April is promises and tentative beginnings, but May is achievement. May is dawn shimmering with dew and sunrise on lawn and meadow, dancing with young leaves in every woodland, jubilant with birdsong in every treetop. May is dogtooth violets beside brimming brooks, the first buttercups beyond the pasture fence, purple violets everywhere. May is apple blossoms and lilacs... May's sunny days still invite spring fever and the heart is still tempted by May's air of young ecstasy. May is full of gaiety and laughter. ~Hal Borland, "May," April 1962
Of all kinds of fever, contagious or non-contagious, only slightly serious or serious to the nth degree, not one is so well known or so much talked of as the one called spring fever. The school boy or girl finds it well nigh impossible to resist the temptation to play hookey. In the case of nearly every woman, it is known as the spring cleaning fever. The first warm days of spring cause it to break out, and the ones affected are governed by an almost uncontrollable desire to get to work at housecleaning. The fever rages so fiercely that no matter how scrupulous she may have been on the subject of cleaning all during the winter months, still she cannot be satisfied until she opens the whole house to the spring air and sunshine. After the cleaning is done the fever cools off and dies out, leaving the world a much more wholesome and livable place. ~“Spring Fever,” St. Mary's Chimes, May 1921 [a little altered –tg]
There's an illness that has been documented by poets for centuries. Its symptoms include a flushed face, increased heart rate, appetite loss, restlessness and daydreaming. It's spring fever, that wonderfully amorphous disease we all recognize come April and May. ~Christie Nicholson, "Fact or Fiction?: 'Spring Fever' Is a Real Phenomenon," ScientificAmerican.com, 2007
According to the latest authorities spring fever, the cause of so much loss of energy, can be prevented by homemakers if they will feed their families in the winter season with plenty of green vegetables. ~Richard Gay Neville, M.D., "Spring Fever," The Forecast, 1921
And what is spring fever? Why, when all other animate things are actually springing into new life and expressing themselves with appropriate joy, should man languish and lament the caresses of the climbing sun? Why, when all other life revels in the out-of-doors, should man seek out the poison-laden air and darkened confines of the house of drugs, and carry thence with him a package of "spring medicine"? Spring seems the finest of tonics, and even of stimulants, to other life; why should man need to counteract its influence with nauseous concoctions? ~James Frederick Rogers, M.D., "Spring Fever," in Life & Health, April 1913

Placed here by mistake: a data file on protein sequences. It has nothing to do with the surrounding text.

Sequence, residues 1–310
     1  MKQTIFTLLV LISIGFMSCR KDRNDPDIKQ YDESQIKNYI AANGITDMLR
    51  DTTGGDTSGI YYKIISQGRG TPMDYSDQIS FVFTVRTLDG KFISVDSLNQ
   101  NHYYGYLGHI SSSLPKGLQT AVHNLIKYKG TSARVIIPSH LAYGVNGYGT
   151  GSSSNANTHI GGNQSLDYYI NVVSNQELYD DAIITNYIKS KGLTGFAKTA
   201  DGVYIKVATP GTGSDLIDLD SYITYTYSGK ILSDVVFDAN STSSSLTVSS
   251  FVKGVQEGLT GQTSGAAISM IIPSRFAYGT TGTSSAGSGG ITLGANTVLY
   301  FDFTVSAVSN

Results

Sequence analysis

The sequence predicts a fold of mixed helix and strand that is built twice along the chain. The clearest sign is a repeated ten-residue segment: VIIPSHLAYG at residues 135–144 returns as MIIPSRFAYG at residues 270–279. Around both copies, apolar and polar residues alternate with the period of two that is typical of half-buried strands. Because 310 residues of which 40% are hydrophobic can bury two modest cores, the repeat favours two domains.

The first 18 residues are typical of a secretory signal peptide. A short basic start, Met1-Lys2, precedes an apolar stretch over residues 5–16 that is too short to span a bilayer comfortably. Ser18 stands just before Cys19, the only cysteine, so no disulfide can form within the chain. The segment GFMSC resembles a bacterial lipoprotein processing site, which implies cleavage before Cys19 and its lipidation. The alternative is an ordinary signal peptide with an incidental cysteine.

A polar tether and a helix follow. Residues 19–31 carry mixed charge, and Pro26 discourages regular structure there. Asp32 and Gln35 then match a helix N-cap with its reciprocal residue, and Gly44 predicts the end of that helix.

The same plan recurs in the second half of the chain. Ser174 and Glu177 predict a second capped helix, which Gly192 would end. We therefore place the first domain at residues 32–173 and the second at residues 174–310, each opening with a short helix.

The best cure for spring fever is to loaf in the sun or go fishing. It is Nature's divine intimation to halt for a few moments and watch how she Does Things. In one sense, spring fever is a penalty of civilization. To our savage as well as our animal ancestors, spring was a time of awakening from the winter's torpor, a time of throbbing pulse, of eager running hither and thither, of combat and mating and rioting. It was the real New Year, and should be ours instead of that pale, frost-bitten shadow of a shade which the almanacs have deluded us into anæmically celebrating in midwinter.
But now, with Puritan perversity, civilized man celebrates the real glad birth of the New Year in April with spring medicines and spring cleanings and the bankruptcies and heartburnings of Easter bonnets. And when, instead of caroling with the birds and gamboling with the young lambs and reveling in the young green of the grass and the scent of the woodland flowers, we feel depressed and headachy and fur-lined and bilious, we say we have spring fever, and proceed to dose ourselves with a "yarb" tea or a blood medicine. It is a slander upon Nature. ~Woods Hutchinson, A.M., M.D. (1862–1930), "Spring Fever and Spring Cleaning," Civilization and Health, 1914
A man grows sick of the walls of brick, and the city's endless roar, when old winter goes, with its frosts and snows, and the springtime's at the door. His soul rebels at the city's smells, and he says to himself, says he, "There are banks of thyme with a scent sublime, and the woodland's calling me!" His soul revolts at the jars and jolts that the urban dweller knows, at his sordid task, when he longs to bask in the glen where the cowslip grows; and he says, "Gee whiz! I am tired of biz, and sick of the sights I see, of the stress and strain for a tawdry gain, when the woodland's calling me!" In all human lives, when the spring arrives, there riseth the wanderlust; and a fellow's dreams are of woods and streams, and the long road white with dust. And he heaves a sob as he views his job, from which he won't dare to flee; and he says, "By Hoyle! It is hard to toil, when the woodland's calling me!" ~Walt Mason (1862–1939), "Spring Thoughts"
published 2006 Feb 3
revised 2016, 2019
last saved 2022 Jun 10